Glasgow Pocket Guide

Life of Sir John Moore -- Not a Drum Was Heard

Sir John Moore,
page 5 of 5

When Moore was borne from the battle-field, General Hope assumed the command, Sir David Baird, the next in rank having been forced also to leave the field through the shattering of his arm by a musket ball. The fight was continued, until the French had fallen back on every point, and the victory was complete. During the night the troops were embarked on board the vessels. At day-break they set sail. The French now entered the town, and endeavoured to bring their guns to bear upon them. But the transports were too far out at sea. And thus with the loss of its hero, and many of his brave comrades, ended the second campaign of the great Peninsular War.

We cannot close this sketch more suitably than with the words of General Hope’s despatch.

“I need not expatiate on the loss the army and his country have sustained by his death. His fall has deprived me of a friend to whom long experience of his worth had sincerely attached me. But it is chiefly on public grounds that I must lament the blow. After conducting the army through an arduous retreat with consummate firmness, he has terminated a career of distinguished honour by a death that has given the enemy additional reason to respect the name of British soldier. Like the immortal Wolfe, he is snatched from his country at an early period of life spent in its service: like Wolfe, his last moments were gilded with the prospect of success, and cheered by the acclamation of victory: like Wolfe also, his memory will for ever remain sacred in that country which he sincerely loved, and which he had so faithfully served.”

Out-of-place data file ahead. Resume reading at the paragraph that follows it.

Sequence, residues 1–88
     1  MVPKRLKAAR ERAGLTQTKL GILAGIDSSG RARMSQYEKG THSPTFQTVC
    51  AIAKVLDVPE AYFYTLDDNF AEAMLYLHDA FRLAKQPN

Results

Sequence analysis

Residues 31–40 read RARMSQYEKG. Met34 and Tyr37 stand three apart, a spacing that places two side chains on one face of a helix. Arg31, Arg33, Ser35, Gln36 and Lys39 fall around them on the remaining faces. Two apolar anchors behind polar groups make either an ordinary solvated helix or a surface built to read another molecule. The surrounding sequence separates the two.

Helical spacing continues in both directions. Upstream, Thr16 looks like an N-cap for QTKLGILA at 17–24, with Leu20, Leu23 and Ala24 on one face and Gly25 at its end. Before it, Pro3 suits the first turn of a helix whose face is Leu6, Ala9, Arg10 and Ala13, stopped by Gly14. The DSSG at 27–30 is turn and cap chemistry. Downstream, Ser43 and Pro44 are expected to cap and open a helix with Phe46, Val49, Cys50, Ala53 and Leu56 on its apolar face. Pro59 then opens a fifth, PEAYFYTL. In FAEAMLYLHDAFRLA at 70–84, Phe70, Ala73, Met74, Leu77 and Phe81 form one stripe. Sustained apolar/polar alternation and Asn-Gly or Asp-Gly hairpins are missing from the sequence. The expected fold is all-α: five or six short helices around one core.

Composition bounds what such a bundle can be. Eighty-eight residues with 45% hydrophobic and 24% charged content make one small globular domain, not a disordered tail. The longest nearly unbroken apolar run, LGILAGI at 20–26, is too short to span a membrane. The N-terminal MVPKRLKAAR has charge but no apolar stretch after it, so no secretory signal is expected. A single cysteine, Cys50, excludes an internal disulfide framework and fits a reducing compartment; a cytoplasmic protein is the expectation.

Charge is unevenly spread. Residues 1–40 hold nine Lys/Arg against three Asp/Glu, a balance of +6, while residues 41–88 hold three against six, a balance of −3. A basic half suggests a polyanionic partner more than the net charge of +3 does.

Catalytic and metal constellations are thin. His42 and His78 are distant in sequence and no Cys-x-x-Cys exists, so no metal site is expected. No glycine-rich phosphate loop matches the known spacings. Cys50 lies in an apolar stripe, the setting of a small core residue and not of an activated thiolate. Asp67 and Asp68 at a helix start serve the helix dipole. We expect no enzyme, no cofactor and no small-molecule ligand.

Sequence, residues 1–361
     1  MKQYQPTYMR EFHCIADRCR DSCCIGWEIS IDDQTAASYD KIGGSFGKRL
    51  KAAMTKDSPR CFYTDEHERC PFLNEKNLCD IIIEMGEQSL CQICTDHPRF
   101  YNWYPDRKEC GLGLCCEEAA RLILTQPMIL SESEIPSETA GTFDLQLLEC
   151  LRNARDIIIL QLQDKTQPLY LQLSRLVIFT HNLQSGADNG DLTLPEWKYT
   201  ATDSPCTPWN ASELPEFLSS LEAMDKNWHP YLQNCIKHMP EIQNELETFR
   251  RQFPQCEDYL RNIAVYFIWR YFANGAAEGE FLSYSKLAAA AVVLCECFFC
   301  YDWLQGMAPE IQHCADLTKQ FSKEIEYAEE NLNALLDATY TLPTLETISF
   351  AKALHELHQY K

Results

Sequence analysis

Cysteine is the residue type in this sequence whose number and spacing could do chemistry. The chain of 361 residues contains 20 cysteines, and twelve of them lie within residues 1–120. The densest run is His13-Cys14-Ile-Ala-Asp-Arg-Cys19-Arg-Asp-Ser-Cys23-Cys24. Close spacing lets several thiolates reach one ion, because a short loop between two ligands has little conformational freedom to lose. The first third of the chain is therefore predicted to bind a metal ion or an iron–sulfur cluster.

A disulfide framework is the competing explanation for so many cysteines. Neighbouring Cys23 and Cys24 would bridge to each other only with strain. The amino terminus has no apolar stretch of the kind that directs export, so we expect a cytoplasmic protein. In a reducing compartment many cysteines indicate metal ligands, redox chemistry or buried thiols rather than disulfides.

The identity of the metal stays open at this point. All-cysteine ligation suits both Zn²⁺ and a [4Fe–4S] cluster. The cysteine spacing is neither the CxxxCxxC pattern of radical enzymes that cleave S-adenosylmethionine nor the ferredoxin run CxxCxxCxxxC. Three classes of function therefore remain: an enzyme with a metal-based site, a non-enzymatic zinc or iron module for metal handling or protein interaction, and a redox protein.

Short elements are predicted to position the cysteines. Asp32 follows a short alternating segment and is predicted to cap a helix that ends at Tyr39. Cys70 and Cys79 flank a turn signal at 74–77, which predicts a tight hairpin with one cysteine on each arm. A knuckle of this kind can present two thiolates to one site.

His career had been followed with the greatest interest by the people of Glasgow, who were justly proud of him. His death caused the deepest sorrow, and his monument was the first in the Square.

In the Herald of l0th August, 1819, there is the following note in regard to the statue:—


“On Monday, the workmen finished the erection in George Square of the monument of Lieutenant-General Sir John Moore, K.B., on which is the following inscription:

To Commemorate
The Military Services of
Lieut.-General Sir John Moore, K.B.,
Native of Glasgow,
His Fellow-Citizens have Erected
This Monument.

It consists of a full-length bronze statue of the hero, about 8½ feet high, dressed in military costume, having a cloak thrown round the left hand leaning on the sword, and the right placed in easy position across the breast. It is supported by a pedestal of Aberdeen granite, about ten feet high. The statue is chiefly made from brass cannons. The whole cost is between three and four thousand pounds. The weight of the statue is upwards of three tons, and that of the pedestal ten. The whole confers the utmost credit on the taste and execution of Mr. Flaxman the artist. The monument has a grand appearance, and is placed on the south-side of the square fronting Miller Street.”


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